At Idle CE (A) Primary School, our curriculum intent is rooted within our school vision of Jesus’ promise of “life in all its fullness” (John 10.10). This is in accordance with the Church of England’s Vision for Education. This ‘fullness of life’ s at the heart of our Church School and a high quality Religious Education (RE) curriculum is a key part of our effective Church school.
The principal intent of our RE curriculum is to enable pupils to hold balanced and informed conversations about religion and world views. This principal intent incorporates the following:
· to know about and understand Christianity as a diverse global living faith through the exploration of core beliefs using an approach that critically engages with biblical text.
· to gain knowledge and understanding of a range of religions and world views, appreciating diversity, continuity and change within the religions and world views being studied.
· to engage with challenging questions of meaning and purpose raised by human existence and experience.
· to recognise the concept of religions and its continuing influence on Britain’s cultural heritage and in the lives of individuals and societies in different times, cultures and places.
· to explore their own religious, spiritual and philosophical ways living, believing and thinking.
· To recognise that RE explores living faith traditions, and that there is diversity within the same religions as well as between different religions.
This intent draws inspiration from the National Plan for Music Education (June 2022).
In line with the Statement of Entitlement for Religious Education in Church of England Schools (2019), we implement a high quality sequential RE programme. To meet the statutory requirement for all state-funded schools, including academies and free schools, to teach a full curriculum that prepares pupils for opportunities, responsibilities and experiences of life in modern Britain.
We do this through implementing a curriculum which enables pupils to do the following:
-making sense of belief – identifying and making sense of core religious and non-religious concepts and beliefs; understanding what these beliefs mean within their traditions, recognising how and why sources of authority are used, expressed and interpreted in different ways, and developing skills of interpretation.
-understanding the impact – examining how and why people put their beliefs into action in diverse ways, within their everyday lives, within their communities and in the wider world.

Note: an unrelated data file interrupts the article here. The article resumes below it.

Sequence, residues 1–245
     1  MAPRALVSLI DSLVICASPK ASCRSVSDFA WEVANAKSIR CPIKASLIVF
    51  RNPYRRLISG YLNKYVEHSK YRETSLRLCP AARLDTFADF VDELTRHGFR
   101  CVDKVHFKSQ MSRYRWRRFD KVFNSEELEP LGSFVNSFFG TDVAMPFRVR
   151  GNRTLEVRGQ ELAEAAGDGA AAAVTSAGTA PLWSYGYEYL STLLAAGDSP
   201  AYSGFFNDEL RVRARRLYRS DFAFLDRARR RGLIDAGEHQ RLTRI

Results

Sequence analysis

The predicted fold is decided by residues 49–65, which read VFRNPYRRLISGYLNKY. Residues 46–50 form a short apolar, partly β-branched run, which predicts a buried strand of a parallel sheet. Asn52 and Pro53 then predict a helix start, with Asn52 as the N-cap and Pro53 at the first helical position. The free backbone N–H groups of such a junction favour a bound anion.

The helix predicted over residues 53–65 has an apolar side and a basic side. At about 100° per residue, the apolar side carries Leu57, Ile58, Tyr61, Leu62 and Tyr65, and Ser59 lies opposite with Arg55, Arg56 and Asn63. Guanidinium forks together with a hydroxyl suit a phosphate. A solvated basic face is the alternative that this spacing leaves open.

-making connections – reasoning about, reflecting on, evaluating and connecting the concepts, beliefs and practices studied; allowing pupils to challenge ideas and the ideas to challenge pupils’ thinking; discerning possible connections between these ideas and pupils’ own lives and ways of understanding the world.
Parents are advised of their right to withdraw pupils from all or part of RE provision. In the event that pupils are withdrawn, school retains responsibility for their health and safety.
We aspire for our RE curriculum to enable pupils to become religiously literate and for Jesus’ promise of “life in all its fullness” (John 10.10) to be accessible to all.
We empower our pupils to be able to:
• give a theologically informed and thoughtful account of Christianity as a living and diverse faith.
• Identify and explain the core beliefs and concepts studied, using examples from texts/sources of authority in religions.
• show an informed and respectful attitude to religions and non-religious world views in their search for God and meaning.
• describe examples of ways in which people use texts/sources of authority to make sense of core beliefs and concepts.
• taking account of the context(s), suggest meanings for texts/sources of authority studied, comparing their ideas with ways in which believers interpret them, showing awareness of different interpretations.
• make clear connections between what people believe and how they live, individually and in communities.
• using evidence and examples, show how and why people put their beliefs into practice in different ways, e.g. in different communities, denominations or cultures.
• engage in meaningful and informed dialogue with those of other faiths and none.
• reflect critically and responsibly on their own spiritual, philosophical and ethical convictions.
• make connections between the beliefs and practices studied, evaluating and explaining their importance to different people (e.g. adherents and non-religious).
• reflect on and articulate lessons people might gain from the beliefs/practices studied, including their own responses, recognising that others may think differently.
• consider and weigh up how ideas studied relate to their own experiences and experiences of the world today, developing insights of their own and giving good reasons for the views they have and the connections they make.
• talk about what they have learnt, how their thinking may have changed and why